Halloween Havoc!: Bela Lugosi in CHANDU THE MAGICIAN (Fox 1932)


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Thrills! Chills! Romance! Action! CHANDU THE MAGICIAN plays like a Saturday matinée serial aimed directly at the kiddie crowd. Based on a popular radio series, the film is pretty antiquated seen today, its saving graces being the special effects wizardry of co-director William Cameron Menzies and the deliciously evil Bela Lugosi as the megalomaniacal villain Roxor.

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The movie kicks off with the banging of a gong and an offscreen narrator ominously intoning “Chan-du the Magician”. A hand is used to wipe the screen credits, the first of Menzies’ many filmic tricks. We’re taken inside a temple where Frank Chandler, aka Chandu, has spent three years learning the ancient secrets of the mystic arts (move over, Dr. Strange!). He’s a yogi now, master of the hypnotic eye and astral projection, and demonstrates his prowess by performing the old Indian rope trick and walking through fire. His mentor bids him to “go…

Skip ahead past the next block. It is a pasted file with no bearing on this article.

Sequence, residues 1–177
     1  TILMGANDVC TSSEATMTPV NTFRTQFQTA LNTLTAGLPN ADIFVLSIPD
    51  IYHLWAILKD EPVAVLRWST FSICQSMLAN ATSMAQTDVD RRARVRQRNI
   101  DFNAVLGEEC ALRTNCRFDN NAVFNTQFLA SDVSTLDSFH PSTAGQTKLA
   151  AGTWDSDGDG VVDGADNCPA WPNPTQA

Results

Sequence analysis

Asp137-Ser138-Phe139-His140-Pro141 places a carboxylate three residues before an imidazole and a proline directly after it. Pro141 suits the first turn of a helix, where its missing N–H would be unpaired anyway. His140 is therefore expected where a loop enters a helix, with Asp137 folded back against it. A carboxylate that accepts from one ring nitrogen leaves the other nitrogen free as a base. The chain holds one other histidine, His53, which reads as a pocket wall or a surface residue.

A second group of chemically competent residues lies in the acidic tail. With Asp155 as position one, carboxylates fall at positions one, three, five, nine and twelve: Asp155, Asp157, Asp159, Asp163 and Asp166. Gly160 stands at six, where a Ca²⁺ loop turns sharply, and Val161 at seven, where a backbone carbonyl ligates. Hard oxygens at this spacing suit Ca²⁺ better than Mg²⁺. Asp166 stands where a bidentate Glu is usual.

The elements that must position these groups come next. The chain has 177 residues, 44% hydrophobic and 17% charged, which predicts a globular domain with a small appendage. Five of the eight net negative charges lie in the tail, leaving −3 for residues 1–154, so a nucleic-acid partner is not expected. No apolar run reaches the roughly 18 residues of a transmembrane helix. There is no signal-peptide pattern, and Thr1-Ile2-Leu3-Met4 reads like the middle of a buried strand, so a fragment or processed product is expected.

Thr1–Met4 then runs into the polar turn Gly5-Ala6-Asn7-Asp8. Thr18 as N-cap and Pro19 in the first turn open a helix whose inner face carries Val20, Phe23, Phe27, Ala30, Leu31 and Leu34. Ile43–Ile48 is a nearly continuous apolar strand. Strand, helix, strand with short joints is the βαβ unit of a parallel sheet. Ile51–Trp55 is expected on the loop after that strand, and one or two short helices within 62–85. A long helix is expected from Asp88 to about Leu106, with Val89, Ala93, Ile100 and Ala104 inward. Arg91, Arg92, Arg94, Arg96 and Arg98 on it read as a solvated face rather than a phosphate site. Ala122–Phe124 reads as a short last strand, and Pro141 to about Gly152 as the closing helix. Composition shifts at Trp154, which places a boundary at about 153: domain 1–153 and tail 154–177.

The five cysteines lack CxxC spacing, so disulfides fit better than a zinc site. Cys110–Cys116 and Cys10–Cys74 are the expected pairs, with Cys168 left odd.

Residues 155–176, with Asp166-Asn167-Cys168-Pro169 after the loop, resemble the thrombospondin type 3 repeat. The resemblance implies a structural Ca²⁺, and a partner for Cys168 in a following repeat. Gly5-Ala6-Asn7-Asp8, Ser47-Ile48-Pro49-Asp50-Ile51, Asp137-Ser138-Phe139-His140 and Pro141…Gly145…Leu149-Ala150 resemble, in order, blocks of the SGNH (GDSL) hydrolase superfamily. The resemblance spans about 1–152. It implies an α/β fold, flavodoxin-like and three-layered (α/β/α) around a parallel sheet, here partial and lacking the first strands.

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Cleaning Out The DVR, Again #11: Cavalcade (dir by Frank Lloyd)


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So, I’ve been cleaning out the DVR for the past week.  Fortunately, I’m going to be off work for this upcoming week, which should give me a lot of extra film-watching time.  That’s a good thing because I’ve got 36 movies that I’ve recorded on the DVR since Thursday and, over the past seven days, I’ve only watched 13 of them!  That’s 23 movies to go and I hope to be finished by the end of the next week.

The 11th film that I found on my DVR was the 1933 film, Cavalcade.  I recorded it off of FXM on April 3rd.